Q&A on Weight Loss and Metabolism, MTB Descending, and 5×5 Interval, with New Head Coach Ryan Kohler

Our new Head Coach Ryan Kohler answers listener questions on weight loss, metabolism, mountain bike descending, and 5x5 interval workouts.

Cycling Coach Ryan Kohler Fast Talk Podcast

In today’s episode, we formally introduce our new head coach, Ryan Kohler, and put him in the spotlight for a classic Q&A. (Don’t worry, Trevor is not going anywhere! He’s merely stuck in isolation amid the tundra of northern Ontario at the moment.)

Ryan brings a wealth of experience as both coach and nutritionist after years of working at Carmichael Training Systems, as manager of the University of Colorado Sports Medicine and Performance Center, and while coaching several MTB development teams, as well as working with individual athletes. We have exciting new offerings in the works that Ryan will be spearheading, so sign up for our newsletter for the latest developments. Today, however, we’ll stick to your questions.

First, we tackle a complex series of questions from Ryan Bates in Ann Arbor, Michigan: “I have read that cutting more than 500 calories per day from the total needed to maintain your current weight will actually slow down your metabolism, and make weight loss harder overall. Is this true? If so, does it matter, for the purposes of potential slowing of your metabolism, if the deficit is produced by exercise versus calorie restriction? If true, how many days of 500+ calorie deficit (approximately) are needed to trigger metabolism slowdown?”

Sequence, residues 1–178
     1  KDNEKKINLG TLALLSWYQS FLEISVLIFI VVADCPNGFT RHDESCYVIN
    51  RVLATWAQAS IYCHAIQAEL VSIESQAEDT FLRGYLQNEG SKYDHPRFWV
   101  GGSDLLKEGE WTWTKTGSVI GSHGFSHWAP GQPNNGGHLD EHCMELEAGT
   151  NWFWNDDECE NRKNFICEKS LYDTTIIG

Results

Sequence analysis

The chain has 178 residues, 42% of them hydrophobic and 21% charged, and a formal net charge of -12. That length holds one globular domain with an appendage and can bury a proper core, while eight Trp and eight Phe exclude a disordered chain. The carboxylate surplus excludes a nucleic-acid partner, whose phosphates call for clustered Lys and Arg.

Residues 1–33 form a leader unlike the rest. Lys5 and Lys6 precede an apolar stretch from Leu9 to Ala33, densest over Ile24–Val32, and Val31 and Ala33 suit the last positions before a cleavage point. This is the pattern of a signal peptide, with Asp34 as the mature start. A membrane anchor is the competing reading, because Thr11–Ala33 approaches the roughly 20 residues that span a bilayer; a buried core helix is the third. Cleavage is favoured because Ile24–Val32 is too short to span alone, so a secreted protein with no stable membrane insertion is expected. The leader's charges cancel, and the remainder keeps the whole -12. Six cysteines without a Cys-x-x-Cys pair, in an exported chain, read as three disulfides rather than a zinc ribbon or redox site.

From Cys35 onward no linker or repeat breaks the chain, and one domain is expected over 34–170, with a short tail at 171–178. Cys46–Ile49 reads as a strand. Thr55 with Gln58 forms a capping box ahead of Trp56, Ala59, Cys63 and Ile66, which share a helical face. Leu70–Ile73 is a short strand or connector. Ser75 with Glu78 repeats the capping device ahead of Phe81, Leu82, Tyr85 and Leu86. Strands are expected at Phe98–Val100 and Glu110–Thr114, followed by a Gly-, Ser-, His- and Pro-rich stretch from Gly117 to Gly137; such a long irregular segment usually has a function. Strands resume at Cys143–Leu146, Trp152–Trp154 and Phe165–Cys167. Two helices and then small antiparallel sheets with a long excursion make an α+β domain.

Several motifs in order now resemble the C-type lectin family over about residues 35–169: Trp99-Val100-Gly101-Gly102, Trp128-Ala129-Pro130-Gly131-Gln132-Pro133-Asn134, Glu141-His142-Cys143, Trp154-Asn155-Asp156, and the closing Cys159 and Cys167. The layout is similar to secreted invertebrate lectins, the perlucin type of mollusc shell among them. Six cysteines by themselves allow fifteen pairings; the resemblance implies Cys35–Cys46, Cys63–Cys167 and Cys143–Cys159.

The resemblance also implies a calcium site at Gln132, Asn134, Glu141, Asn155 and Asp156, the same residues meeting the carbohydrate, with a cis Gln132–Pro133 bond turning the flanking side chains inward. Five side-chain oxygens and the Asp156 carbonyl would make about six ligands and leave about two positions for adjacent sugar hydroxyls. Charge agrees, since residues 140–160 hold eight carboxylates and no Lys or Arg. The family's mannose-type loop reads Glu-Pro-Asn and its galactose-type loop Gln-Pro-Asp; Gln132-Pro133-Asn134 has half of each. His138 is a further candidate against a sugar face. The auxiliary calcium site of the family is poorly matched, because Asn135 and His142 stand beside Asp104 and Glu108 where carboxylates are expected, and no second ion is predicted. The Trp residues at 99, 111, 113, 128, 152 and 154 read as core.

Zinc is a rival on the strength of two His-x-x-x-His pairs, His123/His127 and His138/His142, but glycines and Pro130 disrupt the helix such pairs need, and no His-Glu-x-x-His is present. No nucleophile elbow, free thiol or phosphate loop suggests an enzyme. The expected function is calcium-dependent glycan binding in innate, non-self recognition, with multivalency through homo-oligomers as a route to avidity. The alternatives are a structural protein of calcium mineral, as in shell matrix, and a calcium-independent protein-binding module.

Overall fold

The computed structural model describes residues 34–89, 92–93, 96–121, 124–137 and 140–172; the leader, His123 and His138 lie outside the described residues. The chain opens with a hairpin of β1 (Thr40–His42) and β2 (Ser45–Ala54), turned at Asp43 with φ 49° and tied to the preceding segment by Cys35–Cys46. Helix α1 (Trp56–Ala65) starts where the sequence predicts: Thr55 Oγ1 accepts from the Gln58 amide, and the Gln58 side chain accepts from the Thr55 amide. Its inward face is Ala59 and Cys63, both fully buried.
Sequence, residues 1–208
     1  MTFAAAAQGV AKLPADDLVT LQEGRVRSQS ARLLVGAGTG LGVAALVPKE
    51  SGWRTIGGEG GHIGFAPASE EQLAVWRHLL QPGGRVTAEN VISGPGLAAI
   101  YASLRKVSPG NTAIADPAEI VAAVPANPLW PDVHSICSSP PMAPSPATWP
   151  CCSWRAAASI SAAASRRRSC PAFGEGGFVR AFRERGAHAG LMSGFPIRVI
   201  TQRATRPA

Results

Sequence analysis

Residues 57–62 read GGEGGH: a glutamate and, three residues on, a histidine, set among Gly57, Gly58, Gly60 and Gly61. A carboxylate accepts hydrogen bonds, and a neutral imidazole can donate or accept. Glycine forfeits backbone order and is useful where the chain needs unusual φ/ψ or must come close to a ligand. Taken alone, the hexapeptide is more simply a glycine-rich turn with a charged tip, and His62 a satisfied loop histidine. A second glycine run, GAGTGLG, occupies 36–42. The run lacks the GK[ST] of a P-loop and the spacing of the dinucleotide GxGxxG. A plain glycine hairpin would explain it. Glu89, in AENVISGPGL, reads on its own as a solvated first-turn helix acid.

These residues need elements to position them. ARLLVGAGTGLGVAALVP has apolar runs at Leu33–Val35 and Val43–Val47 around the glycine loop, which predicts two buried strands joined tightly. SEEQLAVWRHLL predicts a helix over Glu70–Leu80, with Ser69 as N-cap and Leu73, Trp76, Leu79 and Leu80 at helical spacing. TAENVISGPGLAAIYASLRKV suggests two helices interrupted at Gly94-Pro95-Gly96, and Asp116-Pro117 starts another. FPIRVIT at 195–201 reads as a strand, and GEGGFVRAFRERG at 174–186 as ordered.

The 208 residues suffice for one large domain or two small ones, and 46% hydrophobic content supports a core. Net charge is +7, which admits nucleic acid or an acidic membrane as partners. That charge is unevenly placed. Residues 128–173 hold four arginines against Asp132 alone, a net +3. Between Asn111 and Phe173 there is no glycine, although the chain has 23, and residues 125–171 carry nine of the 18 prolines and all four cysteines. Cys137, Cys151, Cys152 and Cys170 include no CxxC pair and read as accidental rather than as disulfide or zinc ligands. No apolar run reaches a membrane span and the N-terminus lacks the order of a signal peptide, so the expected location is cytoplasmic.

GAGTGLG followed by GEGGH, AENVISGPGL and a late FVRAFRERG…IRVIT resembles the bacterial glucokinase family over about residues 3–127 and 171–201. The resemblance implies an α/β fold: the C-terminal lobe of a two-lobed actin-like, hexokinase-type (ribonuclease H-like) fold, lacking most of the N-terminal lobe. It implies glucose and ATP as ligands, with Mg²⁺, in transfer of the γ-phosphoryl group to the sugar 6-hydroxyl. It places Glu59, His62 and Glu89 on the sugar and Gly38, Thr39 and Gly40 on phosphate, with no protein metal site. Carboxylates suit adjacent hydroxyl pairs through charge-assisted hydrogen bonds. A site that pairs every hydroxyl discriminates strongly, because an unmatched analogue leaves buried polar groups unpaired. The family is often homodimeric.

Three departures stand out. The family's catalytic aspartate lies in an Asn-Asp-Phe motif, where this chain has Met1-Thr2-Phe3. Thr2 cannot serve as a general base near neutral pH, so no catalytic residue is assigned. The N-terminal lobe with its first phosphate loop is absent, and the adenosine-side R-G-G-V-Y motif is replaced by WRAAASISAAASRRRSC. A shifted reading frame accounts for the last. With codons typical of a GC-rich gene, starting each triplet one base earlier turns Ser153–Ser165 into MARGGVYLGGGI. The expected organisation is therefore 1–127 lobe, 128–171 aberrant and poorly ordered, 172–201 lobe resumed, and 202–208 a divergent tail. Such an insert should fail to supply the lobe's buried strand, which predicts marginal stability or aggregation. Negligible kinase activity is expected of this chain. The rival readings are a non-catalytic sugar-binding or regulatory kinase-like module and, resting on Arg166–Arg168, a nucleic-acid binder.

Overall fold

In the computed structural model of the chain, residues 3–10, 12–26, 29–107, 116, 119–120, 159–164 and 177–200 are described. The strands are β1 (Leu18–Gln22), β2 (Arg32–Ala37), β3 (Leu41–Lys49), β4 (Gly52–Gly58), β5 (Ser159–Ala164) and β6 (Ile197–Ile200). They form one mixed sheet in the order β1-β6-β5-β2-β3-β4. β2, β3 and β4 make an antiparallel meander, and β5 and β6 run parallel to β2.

Next we take on a mountain bike question, specifically about descending, heart rate, and ways to improve recovery during descents.

Finally, we follow up on our discussion on recovery periods between intervals by answering a question on the different ways of executing 5×5-minutes intervals.

All that and more, today on Fast Talk. Let’s make you fast!

References

  • Stepto, N. K., Martin, D. T., Fallon, K. E., & Hawley, J. A. (2001). Metabolic demands of intense aerobic interval training in competitive cyclists. Medicine and Science in Sports and Exercise, 303-310.doi:10.1097/00005768-200102000-00021

Episode Transcript

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